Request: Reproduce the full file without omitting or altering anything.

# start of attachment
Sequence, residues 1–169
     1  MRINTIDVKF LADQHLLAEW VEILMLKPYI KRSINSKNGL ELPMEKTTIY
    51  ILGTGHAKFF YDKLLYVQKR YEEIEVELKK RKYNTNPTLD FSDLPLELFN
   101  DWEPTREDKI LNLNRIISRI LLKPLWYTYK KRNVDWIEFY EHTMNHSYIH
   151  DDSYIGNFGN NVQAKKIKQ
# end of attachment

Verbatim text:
Sequence, residues 1–169
     1  MRINTIDVKF LADQHLLAEW VEILMLKPYI KRSINSKNGL ELPMEKTTIY
    51  ILGTGHAKFF YDKLLYVQKR YEEIEVELKK RKYNTNPTLD FSDLPLELFN
   101  DWEPTREDKI LNLNRIISRI LLKPLWYTYK KRNVDWIEFY EHTMNHSYIH
   151  DDSYIGNFGN NVQAKKIKQ